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Default Re: Rotating 'Still' Images?

I think I know how I would achieve it.

I would line cameras around where I want them to capture a 'still' where nothing is moving, and have them all capture the action at the same time using a automatic timer, or a shutter release.

Then, since every camera has captured the exact same frame, and exactly the same point in time, you could then get these images, put them into a video editor, and line up the still frames from each camera onto a time line, creating frames from this apparently 0:00:00 timed event where no time exists.

Motion blurring would probably be added then in the editor itself, to create more of a smooth transition between the frames, since if kept without motion blurring, it'd seem unnatural, since its not a real moving camera, but a sequence of stills.

You'd also have to manually set the apatuture, shutter speed, etc I'd think, because even if its the same camera, the differences in contrast in the scene could cause one camera to lag behind another if left in automatic mode, which could cause one camera to see a second more than the other cameras, resulting in a jitter.
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Old 08-07-2009, 08:55 AM   #9
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Default Re: Rotating 'Still' Images?

Quote:
Originally Posted by Kage View Post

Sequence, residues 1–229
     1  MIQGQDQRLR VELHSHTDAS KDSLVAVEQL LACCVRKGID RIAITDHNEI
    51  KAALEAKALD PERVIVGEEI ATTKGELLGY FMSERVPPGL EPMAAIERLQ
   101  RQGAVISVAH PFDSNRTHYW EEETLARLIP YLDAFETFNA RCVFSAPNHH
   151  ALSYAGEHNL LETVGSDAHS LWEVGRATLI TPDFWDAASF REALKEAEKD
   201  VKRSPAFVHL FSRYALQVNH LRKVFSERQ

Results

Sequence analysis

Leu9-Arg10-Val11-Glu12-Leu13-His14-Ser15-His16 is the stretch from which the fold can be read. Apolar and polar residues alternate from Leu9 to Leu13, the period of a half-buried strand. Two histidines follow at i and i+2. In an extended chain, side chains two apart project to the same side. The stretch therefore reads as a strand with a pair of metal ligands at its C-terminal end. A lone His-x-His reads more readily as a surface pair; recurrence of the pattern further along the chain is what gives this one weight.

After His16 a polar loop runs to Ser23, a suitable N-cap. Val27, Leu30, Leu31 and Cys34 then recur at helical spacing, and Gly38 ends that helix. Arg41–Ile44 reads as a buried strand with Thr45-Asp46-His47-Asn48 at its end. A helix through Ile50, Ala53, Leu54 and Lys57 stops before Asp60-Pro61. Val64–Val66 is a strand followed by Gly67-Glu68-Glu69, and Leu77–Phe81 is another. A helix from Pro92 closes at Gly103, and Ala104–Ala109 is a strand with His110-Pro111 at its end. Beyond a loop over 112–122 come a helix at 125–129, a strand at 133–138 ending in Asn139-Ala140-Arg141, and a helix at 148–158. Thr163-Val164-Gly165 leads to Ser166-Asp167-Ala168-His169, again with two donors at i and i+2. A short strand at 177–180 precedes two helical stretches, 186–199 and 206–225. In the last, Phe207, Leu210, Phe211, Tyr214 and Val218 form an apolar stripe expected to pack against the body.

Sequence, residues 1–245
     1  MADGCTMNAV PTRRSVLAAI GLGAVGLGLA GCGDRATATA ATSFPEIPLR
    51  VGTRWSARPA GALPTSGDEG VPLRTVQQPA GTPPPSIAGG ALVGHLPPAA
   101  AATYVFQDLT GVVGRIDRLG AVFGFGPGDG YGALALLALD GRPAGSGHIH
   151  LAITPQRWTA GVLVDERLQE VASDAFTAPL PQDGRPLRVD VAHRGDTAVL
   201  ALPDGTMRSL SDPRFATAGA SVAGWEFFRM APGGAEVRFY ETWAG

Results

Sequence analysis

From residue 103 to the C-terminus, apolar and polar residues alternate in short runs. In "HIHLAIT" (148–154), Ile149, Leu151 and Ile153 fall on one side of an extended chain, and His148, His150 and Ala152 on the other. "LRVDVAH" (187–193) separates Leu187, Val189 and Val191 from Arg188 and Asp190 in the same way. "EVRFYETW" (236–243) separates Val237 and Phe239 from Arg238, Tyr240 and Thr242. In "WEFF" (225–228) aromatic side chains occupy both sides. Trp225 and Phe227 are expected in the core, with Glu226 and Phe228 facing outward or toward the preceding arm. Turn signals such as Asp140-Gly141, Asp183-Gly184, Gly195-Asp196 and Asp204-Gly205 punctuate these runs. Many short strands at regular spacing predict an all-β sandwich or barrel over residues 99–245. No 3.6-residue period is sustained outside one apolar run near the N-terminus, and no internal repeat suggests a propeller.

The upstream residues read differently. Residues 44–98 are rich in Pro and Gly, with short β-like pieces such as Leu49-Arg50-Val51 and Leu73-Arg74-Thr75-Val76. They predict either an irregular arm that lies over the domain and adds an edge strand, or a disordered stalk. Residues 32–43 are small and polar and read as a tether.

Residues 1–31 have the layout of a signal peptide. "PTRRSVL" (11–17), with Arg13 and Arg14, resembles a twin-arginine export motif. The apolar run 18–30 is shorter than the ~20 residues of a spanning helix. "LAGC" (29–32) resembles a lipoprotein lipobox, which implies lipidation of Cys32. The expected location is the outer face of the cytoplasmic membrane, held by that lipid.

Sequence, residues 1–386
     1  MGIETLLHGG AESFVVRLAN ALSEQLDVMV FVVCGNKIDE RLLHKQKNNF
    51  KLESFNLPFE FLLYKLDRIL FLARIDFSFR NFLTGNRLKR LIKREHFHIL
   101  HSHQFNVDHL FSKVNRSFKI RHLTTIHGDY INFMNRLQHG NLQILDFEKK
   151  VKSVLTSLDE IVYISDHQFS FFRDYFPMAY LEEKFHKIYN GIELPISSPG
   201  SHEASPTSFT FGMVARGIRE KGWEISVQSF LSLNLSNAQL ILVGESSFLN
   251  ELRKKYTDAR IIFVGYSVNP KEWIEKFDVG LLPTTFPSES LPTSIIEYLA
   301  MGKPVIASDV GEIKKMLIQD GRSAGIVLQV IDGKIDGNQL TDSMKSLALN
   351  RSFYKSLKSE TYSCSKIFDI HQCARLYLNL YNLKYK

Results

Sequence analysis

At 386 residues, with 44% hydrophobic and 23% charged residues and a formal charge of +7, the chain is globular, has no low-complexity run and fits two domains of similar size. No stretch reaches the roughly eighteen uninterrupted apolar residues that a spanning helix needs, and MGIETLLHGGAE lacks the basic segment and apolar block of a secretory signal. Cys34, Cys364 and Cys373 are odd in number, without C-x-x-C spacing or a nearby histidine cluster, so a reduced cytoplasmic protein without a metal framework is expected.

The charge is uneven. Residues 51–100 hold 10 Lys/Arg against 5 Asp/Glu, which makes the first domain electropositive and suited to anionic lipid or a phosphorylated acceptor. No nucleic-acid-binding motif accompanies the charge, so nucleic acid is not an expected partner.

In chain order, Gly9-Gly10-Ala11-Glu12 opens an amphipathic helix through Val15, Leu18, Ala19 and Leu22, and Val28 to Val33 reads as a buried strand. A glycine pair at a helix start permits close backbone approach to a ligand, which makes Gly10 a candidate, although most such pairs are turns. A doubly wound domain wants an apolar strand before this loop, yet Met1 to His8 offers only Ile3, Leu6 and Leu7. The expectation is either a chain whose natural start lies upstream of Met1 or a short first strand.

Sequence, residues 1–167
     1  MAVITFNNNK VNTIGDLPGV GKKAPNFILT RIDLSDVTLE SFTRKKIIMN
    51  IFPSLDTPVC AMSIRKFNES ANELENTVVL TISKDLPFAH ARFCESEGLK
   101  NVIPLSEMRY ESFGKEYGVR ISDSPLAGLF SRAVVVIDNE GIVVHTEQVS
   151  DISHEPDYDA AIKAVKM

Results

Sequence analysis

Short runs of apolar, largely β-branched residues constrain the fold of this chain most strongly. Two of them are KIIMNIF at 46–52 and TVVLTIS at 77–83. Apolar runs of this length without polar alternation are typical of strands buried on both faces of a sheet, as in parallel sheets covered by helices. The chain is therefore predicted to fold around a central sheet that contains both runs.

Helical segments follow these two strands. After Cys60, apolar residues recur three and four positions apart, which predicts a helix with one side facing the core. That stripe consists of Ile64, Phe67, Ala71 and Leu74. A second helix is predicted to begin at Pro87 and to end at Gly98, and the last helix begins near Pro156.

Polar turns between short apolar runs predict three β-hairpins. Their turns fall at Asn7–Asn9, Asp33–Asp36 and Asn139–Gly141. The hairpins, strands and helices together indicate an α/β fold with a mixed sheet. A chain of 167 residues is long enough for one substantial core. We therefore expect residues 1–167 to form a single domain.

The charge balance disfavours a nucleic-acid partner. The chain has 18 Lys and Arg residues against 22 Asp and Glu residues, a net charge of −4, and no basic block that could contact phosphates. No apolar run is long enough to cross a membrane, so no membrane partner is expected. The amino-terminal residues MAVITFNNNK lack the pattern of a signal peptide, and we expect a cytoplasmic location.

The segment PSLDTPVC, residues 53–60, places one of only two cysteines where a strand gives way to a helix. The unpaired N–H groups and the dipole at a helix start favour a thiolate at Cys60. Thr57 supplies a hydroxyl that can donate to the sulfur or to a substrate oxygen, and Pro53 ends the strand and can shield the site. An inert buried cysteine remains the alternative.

I think I know how I would achieve it.

I would line cameras around where I want them to capture a 'still' where nothing is moving, and have them all capture the action at the same time using a automatic timer, or a shutter release.

Then, since every camera has captured the exact same frame, and exactly the same point in time, you could then get these images, put them into a video editor, and line up the still frames from each camera onto a time line, creating frames from this apparently 0:00:00 timed event where no time exists.

Motion blurring would probably be added then in the editor itself, to create more of a smooth transition between the frames, since if kept without motion blurring, it'd seem unnatural, since its not a real moving camera, but a sequence of stills.

You'd also have to manually set the apatuture, shutter speed, etc I'd think, because even if its the same camera, the differences in contrast in the scene could cause one camera to lag behind another if left in automatic mode, which could cause one camera to see a second more than the other cameras, resulting in a jitter.
A real "moving camera" is exactly what you said its not. A sequence of stills lol.
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Old 08-07-2009, 09:52 AM   #10
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Default Re: Rotating 'Still' Images?

What I meant was that the cameras aren't moving, so motion blur won't occur like in a real moving camera, so it'd seem more like simply stills taken with a standard digital camera, and not footage from a motion camera.